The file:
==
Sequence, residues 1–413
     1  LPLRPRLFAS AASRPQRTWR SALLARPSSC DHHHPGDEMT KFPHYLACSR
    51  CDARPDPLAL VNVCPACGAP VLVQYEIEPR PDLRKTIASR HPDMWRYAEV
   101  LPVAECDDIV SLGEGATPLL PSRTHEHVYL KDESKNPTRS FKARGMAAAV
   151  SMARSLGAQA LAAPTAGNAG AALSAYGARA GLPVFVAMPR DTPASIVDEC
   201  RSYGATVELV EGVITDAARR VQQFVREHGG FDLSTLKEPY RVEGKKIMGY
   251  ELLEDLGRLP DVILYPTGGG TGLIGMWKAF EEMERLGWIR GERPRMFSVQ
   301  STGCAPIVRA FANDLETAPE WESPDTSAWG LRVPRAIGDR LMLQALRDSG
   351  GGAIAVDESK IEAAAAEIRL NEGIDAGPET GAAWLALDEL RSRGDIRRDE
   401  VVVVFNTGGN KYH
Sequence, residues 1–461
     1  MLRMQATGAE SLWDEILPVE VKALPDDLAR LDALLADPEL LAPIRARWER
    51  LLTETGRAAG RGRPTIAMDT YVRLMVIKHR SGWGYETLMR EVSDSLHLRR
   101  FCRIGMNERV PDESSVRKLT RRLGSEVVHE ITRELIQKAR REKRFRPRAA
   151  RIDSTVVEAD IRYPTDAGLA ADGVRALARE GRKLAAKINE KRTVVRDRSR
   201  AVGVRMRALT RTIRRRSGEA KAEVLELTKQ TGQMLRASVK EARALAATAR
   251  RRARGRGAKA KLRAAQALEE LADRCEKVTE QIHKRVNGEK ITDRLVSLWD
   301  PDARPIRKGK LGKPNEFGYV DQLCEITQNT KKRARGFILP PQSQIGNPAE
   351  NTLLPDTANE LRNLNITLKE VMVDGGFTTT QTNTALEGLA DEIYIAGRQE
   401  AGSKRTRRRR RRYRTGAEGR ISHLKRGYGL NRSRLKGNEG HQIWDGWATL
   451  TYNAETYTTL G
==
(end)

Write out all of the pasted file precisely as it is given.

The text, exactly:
Sequence, residues 1–413
     1  LPLRPRLFAS AASRPQRTWR SALLARPSSC DHHHPGDEMT KFPHYLACSR
    51  CDARPDPLAL VNVCPACGAP VLVQYEIEPR PDLRKTIASR HPDMWRYAEV
   101  LPVAECDDIV SLGEGATPLL PSRTHEHVYL KDESKNPTRS FKARGMAAAV
   151  SMARSLGAQA LAAPTAGNAG AALSAYGARA GLPVFVAMPR DTPASIVDEC
   201  RSYGATVELV EGVITDAARR VQQFVREHGG FDLSTLKEPY RVEGKKIMGY
   251  ELLEDLGRLP DVILYPTGGG TGLIGMWKAF EEMERLGWIR GERPRMFSVQ
   301  STGCAPIVRA FANDLETAPE WESPDTSAWG LRVPRAIGDR LMLQALRDSG
   351  GGAIAVDESK IEAAAAEIRL NEGIDAGPET GAAWLALDEL RSRGDIRRDE
   401  VVVVFNTGGN KYH
Sequence, residues 1–461
     1  MLRMQATGAE SLWDEILPVE VKALPDDLAR LDALLADPEL LAPIRARWER
    51  LLTETGRAAG RGRPTIAMDT YVRLMVIKHR SGWGYETLMR EVSDSLHLRR
   101  FCRIGMNERV PDESSVRKLT RRLGSEVVHE ITRELIQKAR REKRFRPRAA
   151  RIDSTVVEAD IRYPTDAGLA ADGVRALARE GRKLAAKINE KRTVVRDRSR
   201  AVGVRMRALT RTIRRRSGEA KAEVLELTKQ TGQMLRASVK EARALAATAR
   251  RRARGRGAKA KLRAAQALEE LADRCEKVTE QIHKRVNGEK ITDRLVSLWD
   301  PDARPIRKGK LGKPNEFGYV DQLCEITQNT KKRARGFILP PQSQIGNPAE
   351  NTLLPDTANE LRNLNITLKE VMVDGGFTTT QTNTALEGLA DEIYIAGRQE
   401  AGSKRTRRRR RRYRTGAEGR ISHLKRGYGL NRSRLKGNEG HQIWDGWATL
   451  TYNAETYTTL G